2) Tailor the application
Finance applications will face more scrutiny as the economic outlook remains uncertain. Unfortunately, most SMEs won’t have the time and experience to create a well-articulated proposal and will need close support when approaching alternative lenders.
The purpose of the loan should be clear and mitigate any doubts. Many businesses will need finance to address problems caused by the pandemic; however, there are still a large number seeking to grow. These companies should be ready to convince lenders of their vision by highlighting their expertise and the reasons they can make the business a success.
3) Draw up robust contingencies
Whatever the purpose of the loan, applications must explore all possible outcomes and show the business can trade through further adverse conditions. However, most SMEs will naturally aim to play down any difficulties facing their business and so will need close guidance to ensure that they provide contingencies for worst case scenarios.
Proving a company’s historical performance is still important and cash flow forecasts and management information are a critical element in this. Business leaders also need to be prepared to be candid and share their plans for the future.
Many companies will not have filed accounts since the pandemic hit and lenders may request more detail on the health of the business. Robust contingency planning can alleviate concerns and give insight into how the business will return to pre-Covid trading levels.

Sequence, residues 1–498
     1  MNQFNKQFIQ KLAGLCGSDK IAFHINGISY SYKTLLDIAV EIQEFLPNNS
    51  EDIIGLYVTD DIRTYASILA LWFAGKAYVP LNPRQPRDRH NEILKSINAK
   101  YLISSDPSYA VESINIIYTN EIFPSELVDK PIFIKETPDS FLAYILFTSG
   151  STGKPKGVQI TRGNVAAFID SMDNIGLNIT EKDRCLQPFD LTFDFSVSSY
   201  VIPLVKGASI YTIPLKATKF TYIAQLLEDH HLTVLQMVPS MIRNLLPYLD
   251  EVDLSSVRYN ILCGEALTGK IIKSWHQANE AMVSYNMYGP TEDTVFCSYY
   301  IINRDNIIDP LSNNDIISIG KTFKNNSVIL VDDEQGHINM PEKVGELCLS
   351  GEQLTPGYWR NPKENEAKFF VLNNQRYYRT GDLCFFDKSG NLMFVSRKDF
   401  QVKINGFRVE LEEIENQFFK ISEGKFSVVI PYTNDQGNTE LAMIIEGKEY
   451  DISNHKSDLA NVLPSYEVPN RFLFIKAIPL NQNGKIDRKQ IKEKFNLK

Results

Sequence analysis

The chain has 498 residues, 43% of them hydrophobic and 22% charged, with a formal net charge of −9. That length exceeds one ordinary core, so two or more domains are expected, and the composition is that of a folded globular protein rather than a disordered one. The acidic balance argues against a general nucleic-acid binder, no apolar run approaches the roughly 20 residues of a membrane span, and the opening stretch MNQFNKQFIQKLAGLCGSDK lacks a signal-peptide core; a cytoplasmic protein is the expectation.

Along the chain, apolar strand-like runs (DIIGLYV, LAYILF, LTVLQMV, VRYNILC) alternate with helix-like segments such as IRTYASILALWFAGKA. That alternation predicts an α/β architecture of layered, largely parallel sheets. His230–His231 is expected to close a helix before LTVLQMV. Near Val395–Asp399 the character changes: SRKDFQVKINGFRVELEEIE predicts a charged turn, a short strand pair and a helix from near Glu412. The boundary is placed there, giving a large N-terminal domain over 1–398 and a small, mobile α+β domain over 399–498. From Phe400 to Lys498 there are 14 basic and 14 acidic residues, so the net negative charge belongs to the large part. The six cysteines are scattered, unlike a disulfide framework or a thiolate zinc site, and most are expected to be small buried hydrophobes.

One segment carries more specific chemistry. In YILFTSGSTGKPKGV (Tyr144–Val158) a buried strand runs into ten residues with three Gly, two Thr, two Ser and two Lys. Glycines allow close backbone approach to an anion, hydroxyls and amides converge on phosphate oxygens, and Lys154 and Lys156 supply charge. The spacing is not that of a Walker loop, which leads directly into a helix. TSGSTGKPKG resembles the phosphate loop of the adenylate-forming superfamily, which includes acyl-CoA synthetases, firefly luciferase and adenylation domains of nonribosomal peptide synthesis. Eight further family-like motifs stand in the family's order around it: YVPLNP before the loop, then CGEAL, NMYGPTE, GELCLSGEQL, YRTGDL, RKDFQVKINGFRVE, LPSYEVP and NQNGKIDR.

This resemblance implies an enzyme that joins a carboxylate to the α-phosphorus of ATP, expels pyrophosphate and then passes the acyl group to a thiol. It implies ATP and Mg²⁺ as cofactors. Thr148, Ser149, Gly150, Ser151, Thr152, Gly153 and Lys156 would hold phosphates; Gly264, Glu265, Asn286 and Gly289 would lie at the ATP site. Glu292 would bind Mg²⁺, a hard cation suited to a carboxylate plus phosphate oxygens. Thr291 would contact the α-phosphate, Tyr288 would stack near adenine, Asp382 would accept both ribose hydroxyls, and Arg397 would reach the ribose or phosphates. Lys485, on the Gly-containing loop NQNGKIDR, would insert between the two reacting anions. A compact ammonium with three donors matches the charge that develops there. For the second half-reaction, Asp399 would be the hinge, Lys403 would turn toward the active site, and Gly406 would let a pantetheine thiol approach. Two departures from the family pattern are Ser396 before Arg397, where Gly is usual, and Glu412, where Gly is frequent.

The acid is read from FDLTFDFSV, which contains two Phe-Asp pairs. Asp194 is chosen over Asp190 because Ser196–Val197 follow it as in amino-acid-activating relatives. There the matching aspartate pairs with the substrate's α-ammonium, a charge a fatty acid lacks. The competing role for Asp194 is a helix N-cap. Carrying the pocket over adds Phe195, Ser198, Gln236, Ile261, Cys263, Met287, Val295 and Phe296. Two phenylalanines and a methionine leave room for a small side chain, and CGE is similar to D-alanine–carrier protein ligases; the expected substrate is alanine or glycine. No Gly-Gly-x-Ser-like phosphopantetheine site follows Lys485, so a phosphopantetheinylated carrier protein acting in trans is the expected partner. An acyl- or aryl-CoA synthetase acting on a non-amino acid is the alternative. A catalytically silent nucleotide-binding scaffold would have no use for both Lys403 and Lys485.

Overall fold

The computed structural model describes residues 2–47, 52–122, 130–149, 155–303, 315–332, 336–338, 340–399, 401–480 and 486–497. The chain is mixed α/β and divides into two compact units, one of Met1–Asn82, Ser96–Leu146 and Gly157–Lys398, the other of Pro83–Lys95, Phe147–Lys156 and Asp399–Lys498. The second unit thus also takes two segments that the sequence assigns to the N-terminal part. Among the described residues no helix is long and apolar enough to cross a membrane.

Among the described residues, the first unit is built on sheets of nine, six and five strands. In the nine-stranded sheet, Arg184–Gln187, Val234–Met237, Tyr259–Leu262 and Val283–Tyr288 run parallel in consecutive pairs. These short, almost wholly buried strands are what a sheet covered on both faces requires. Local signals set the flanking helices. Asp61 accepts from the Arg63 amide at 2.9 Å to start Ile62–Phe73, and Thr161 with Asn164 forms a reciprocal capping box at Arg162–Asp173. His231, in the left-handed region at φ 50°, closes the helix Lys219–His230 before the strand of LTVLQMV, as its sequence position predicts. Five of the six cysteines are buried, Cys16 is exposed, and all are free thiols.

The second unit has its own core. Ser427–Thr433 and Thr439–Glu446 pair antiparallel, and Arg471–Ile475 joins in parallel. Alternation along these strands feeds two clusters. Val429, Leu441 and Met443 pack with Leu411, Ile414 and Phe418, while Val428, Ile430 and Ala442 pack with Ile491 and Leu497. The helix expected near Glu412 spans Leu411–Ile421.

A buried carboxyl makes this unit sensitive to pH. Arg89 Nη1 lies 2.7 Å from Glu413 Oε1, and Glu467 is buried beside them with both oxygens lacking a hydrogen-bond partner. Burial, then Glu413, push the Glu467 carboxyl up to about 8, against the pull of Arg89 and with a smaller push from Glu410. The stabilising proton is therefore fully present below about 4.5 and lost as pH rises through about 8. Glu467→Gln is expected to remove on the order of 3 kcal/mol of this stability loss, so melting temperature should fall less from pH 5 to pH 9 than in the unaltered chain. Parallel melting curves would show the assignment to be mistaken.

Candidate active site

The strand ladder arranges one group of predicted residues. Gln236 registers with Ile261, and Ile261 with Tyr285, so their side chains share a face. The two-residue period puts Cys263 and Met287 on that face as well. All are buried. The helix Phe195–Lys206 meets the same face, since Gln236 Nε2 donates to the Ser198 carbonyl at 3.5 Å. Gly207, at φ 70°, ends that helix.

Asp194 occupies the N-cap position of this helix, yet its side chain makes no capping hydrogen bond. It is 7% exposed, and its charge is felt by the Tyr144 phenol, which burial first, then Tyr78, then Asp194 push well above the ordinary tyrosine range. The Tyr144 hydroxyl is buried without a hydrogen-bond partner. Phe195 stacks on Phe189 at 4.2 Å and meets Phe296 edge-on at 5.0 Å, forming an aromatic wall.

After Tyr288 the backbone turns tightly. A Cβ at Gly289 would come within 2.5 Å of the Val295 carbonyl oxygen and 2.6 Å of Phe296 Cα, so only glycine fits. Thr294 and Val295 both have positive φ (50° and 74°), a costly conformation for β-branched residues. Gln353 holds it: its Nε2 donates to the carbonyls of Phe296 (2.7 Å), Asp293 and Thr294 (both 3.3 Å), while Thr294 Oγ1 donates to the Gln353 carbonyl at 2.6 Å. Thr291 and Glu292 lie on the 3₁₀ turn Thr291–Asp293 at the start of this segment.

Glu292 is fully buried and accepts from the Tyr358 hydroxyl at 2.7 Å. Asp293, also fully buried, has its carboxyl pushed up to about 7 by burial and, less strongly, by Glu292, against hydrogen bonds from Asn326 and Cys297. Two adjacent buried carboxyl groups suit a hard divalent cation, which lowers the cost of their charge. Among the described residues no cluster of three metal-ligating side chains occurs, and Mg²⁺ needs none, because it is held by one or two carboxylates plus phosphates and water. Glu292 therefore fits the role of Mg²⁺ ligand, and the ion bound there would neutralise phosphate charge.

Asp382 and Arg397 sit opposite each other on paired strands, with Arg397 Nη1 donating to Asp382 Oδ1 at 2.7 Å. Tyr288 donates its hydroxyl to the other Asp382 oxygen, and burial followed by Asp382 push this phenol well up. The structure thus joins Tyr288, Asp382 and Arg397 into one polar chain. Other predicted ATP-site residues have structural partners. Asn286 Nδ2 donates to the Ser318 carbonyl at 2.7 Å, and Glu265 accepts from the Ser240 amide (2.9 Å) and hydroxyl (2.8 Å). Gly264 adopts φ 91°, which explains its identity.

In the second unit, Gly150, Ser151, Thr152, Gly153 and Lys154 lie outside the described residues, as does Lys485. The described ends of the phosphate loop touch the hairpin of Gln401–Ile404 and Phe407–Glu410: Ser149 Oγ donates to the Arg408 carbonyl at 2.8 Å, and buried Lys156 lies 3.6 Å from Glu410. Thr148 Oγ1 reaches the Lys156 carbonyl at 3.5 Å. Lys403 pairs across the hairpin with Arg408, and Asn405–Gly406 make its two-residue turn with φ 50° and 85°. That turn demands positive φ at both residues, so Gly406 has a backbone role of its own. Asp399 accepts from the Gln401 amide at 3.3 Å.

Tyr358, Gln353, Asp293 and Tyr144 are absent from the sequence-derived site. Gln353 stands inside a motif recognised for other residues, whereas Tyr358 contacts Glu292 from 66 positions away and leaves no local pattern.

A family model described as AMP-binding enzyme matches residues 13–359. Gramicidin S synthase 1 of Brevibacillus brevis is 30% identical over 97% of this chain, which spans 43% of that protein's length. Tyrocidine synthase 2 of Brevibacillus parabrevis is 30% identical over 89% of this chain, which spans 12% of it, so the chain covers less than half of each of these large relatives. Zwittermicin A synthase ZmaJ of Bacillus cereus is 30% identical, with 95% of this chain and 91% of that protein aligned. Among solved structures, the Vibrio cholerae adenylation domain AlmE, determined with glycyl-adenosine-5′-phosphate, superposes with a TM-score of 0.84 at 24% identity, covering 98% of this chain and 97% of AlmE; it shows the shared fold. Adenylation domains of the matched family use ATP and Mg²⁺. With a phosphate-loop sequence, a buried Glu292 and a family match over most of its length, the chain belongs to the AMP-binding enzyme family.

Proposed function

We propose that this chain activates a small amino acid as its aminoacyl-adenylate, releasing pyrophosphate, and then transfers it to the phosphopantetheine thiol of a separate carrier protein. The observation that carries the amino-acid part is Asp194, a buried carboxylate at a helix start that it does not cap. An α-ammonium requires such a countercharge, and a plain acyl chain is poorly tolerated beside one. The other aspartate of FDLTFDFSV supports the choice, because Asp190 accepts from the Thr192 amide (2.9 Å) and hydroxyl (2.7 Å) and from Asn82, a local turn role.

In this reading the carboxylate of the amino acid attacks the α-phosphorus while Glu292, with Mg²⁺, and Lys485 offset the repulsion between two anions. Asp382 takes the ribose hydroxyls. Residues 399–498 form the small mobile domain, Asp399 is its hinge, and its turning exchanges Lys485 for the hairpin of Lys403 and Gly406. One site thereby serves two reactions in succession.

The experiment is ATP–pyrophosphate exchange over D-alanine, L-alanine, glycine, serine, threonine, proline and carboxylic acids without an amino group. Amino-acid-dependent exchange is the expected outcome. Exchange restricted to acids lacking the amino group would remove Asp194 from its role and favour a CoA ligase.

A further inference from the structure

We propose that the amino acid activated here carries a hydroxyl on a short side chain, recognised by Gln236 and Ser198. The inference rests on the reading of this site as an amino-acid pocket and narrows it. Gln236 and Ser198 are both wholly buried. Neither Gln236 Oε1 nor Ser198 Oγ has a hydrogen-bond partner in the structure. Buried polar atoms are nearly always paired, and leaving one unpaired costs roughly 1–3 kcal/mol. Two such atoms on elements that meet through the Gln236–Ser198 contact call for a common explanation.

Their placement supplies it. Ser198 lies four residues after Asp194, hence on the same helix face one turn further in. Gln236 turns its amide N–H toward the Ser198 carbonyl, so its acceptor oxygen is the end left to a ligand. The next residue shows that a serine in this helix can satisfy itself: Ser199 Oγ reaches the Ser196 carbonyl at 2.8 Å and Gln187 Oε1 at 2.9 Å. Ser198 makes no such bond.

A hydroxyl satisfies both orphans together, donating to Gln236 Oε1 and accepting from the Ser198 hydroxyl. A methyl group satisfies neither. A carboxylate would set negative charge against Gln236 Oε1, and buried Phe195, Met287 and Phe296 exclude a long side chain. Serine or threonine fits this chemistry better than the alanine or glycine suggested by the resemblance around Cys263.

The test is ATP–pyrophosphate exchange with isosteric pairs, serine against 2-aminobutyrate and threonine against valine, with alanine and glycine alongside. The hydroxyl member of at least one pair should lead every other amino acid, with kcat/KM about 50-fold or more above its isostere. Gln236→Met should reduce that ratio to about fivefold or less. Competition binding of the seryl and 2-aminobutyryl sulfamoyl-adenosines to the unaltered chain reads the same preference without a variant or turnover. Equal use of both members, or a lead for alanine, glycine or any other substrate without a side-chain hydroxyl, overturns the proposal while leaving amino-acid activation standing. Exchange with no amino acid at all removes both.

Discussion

4) Upskill management
A lack of specialist financial expertise is common in leaders of smaller SMEs. Accountants and brokers can play a role here, helping owners and senior management to understand how to make useful and accurate projections in order to make the borrowing process more efficient.
For example, the ability to stress test projections will ensure that the company is well prepared for a range of eventualities – they should also understand their options should the worst-case scenario occur.
Another useful skill is dynamic budgeting, which can help a business to operate flexibly when financial conditions change. Businesses should also implement regular reviews of debtors and creditors to allow them to address cash flow issues and set up a management dashboard that provides them with an overview of key information. Lenders will view this preparation favourably, particularly where financing needs are spotted before problems arise.
5) Discuss terms
Alternative lenders may have flexibility in their financing terms compared to traditional banks. It is important that SMEs are confidently prepared to negotiate these terms once a conditional offer has been made. The previous steps will help support this and put the business in the best position to negotiate that’s favourable for all parties.
When SMEs start to access alternative lenders, they will undoubtedly find lenders willing to have a conversation to understand their circumstances. This means they stand a good chance of finding a lender that will have a product that fits and see more SMEs and accountants turning to alternative finance.
Steve Richardson is a director at Reparo Finance.